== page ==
Our Safran Risk advanced training course is an invaluable resource for those who want to really master our risk management software.
Taking place over a two-day period, project planners, risk managers, and project managers will discover the advanced techniques they need to identify and mitigate the risks that threaten project success.
How is the Course Formatted?
Training is delivered using a combination of presentations and hands-on exercises. Each has been carefully designed to give delegates the opportunity to fully explore the key capabilities and features of Safran Risk.
The underlying concepts and techniques for relevant aspects of risk management will be explained to some extent — but this course is designed more for those with an intermediate level understanding of risk management principles. A basic course introducing Safran Risk, however, is available for those with less experience.
In terms of facilities, we're able to accommodate a maximum of 10 people at a time and will provide PCs (equipped with the latest version of Safran Risk) for all. This course is available on-site at customer offices, or off-site — either at a Safran office or convenient third-party premises that Safran will provide.
N.B. Delegates will be able to keep copies of the course material for future reference.
The course is split into four areas, each with their own objectives. These have been specially designed to introduce attendees to the core features of Safran Risk, and include:
- An introduction to Safran Risk
- Hands-on time with the software
- Structured presentations introducing the key concepts in QRSA as delivered by Safran Risk, including practical exercises in the effective use of the software
- For those migrating from an older risk application, some introduction on the differences between the software approaches (such as Primavera migration) will be included if appropriate
- Opportunities for delegates to explore their own personal learning objectives
Day 1 – Overview and Data Entry
Session One: Getting Started with Safran Risk (2 hours)
Day one commences with an introduction of the trainer, followed by a health and safety briefing and a gentle ice breaker, giving delegates the chance to get to know each other.
Once the preliminaries have been completed, delegates are introduced to Safran Risk itself. This includes an overview of the user interface — complete with examples of data entry workflow, analysis completion, and data output — along with a handful of presentations and practical demonstrations to help participants develop a firm understanding of the software and how it can be used in a variety of real-life situations.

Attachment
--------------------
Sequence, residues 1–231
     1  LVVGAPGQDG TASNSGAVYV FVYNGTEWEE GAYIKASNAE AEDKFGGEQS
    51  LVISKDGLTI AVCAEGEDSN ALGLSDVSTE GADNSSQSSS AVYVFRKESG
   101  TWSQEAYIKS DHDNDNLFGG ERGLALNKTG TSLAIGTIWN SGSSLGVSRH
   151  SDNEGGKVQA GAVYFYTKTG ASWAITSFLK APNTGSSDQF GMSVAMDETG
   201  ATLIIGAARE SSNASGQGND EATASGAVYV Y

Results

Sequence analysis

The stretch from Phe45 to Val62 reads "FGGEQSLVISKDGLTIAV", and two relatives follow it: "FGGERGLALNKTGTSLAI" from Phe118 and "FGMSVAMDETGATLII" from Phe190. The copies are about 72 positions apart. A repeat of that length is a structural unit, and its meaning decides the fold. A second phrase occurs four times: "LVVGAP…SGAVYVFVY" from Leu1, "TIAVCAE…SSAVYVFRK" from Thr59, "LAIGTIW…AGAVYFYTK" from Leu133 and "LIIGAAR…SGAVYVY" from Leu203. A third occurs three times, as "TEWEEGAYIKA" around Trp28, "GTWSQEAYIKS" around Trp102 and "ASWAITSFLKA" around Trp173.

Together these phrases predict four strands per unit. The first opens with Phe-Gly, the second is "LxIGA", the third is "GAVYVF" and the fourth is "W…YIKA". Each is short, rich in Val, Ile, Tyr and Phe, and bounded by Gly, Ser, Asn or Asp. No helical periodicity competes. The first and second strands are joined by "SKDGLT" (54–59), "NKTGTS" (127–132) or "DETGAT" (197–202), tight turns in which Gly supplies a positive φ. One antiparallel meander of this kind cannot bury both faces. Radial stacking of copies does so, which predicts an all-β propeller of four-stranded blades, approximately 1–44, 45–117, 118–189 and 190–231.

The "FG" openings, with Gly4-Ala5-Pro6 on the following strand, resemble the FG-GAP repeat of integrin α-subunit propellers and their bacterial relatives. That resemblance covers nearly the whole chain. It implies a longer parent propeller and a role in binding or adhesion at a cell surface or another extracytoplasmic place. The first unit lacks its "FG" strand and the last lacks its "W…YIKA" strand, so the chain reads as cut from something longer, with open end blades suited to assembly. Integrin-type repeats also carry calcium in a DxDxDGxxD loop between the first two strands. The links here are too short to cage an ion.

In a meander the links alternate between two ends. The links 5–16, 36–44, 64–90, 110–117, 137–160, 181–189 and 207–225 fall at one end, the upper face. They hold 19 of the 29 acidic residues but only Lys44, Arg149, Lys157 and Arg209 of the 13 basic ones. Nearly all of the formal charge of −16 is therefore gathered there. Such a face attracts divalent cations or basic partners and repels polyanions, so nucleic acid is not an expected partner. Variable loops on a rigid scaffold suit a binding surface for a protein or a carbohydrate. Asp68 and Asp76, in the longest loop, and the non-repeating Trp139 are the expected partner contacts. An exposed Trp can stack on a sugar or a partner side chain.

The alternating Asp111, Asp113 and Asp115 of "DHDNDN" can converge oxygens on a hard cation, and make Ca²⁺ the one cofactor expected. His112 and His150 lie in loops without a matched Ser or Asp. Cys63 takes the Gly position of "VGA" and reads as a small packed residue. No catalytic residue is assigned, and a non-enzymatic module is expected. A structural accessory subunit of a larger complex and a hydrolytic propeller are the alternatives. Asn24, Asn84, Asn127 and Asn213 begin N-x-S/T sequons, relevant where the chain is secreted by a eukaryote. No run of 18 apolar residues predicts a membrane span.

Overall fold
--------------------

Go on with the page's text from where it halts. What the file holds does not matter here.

These are as follows:
- How to create a new project and use existing project templates effectively
- Importing non-standard file types into Safran Risk
- The different uses of global risk and how they can be applied in the real-world, complete with practical examples illustrating the various benefits
- Risk Calendars: an overview
Session Two: Safran Risk Data Entry (4-5 hours)
Session two begins with a presentation detailing the capabilities of Safran Risk's Scheduling tool.
N.B. This part of the course does not cover schedule control
The focus here will be on some of the software's most useful features when it comes to data entry. This includes:
- Scheduling interface
- Schedule warnings
To get the most out of this part of the course, participants will be expected to possess at least a basic understanding of key scheduling concepts, such as logical relationships and time constraints.
After the presentations, delegates will once again have the opportunity to get some hands-on time with our scheduling tool. Their task will be to create a basic schedule that, as the course progresses, will be loaded with the type of risks they'll typically encounter in their industry, demonstrating how the tool works in practice.
An optional exercise will also be available for those that wish to experiment with the creation of basic cost models and how to interpret the results.
The remainder of session two will be spent delving deeper into risk data entry within project environments — this being a fundamental component of the risk management process. A broad array of topics will be discussed, including:
- Risk types (standard/calendar/estimate uncertainty)
- Probability of occurrence
- Impact types (cost/schedule)
- Impact method (relative/absolute)
- Distribution types — Part of which is a general overview of the different types of distribution, with a heavy emphasis on the most common (triangle/uniform/beta-pert/discrete)
- Data entry requirements and how they differ depending on the distribution method
- The key differences between pre and post mitigated position
- Recording actions and action data — including action cost and action duration — and how this impacts schedules
- How impact independence affects the wider schedule
To help delegates get to grips with the features discussed in the preceding presentations, we'll be following up with another quick exercise.